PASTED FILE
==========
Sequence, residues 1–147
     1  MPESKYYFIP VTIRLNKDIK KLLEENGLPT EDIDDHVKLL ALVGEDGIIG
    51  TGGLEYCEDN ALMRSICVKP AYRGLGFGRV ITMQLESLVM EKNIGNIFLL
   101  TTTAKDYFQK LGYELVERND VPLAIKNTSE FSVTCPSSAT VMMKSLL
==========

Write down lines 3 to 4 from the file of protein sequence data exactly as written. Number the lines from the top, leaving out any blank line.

    51  TGGLEYCEDN ALMRSICVKP AYRGLGFGRV ITMQLESLVM EKNIGNIFLL
   101  TTTAKDYFQK LGYELVERND VPLAIKNTSE FSVTCPSSAT VMMKSLL